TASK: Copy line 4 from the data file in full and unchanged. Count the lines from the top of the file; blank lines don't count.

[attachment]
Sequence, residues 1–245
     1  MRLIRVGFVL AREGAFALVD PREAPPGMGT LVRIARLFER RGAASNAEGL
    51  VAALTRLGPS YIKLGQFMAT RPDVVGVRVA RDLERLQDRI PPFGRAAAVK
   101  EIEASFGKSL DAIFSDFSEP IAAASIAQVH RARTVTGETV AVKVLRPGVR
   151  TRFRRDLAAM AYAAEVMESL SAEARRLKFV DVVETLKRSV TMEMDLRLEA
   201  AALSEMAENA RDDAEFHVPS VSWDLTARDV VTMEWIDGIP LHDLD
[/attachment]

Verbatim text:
   101  EIEASFGKSL DAIFSDFSEP IAAASIAQVH RARTVTGETV AVKVLRPGVR